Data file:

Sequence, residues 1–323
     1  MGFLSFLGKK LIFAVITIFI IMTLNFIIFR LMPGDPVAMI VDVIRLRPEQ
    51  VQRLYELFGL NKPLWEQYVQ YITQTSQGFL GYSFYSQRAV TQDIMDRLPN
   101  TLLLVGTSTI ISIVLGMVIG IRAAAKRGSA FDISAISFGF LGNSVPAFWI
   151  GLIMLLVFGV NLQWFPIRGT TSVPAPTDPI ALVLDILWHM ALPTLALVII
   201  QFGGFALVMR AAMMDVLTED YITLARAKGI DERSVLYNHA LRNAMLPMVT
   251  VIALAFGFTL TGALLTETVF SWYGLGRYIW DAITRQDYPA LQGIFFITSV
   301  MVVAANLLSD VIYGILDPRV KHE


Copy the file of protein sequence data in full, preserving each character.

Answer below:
Sequence, residues 1–323
     1  MGFLSFLGKK LIFAVITIFI IMTLNFIIFR LMPGDPVAMI VDVIRLRPEQ
    51  VQRLYELFGL NKPLWEQYVQ YITQTSQGFL GYSFYSQRAV TQDIMDRLPN
   101  TLLLVGTSTI ISIVLGMVIG IRAAAKRGSA FDISAISFGF LGNSVPAFWI
   151  GLIMLLVFGV NLQWFPIRGT TSVPAPTDPI ALVLDILWHM ALPTLALVII
   201  QFGGFALVMR AAMMDVLTED YITLARAKGI DERSVLYNHA LRNAMLPMVT
   251  VIALAFGFTL TGALLTETVF SWYGLGRYIW DAITRQDYPA LQGIFFITSV
   301  MVVAANLLSD VIYGILDPRV KHE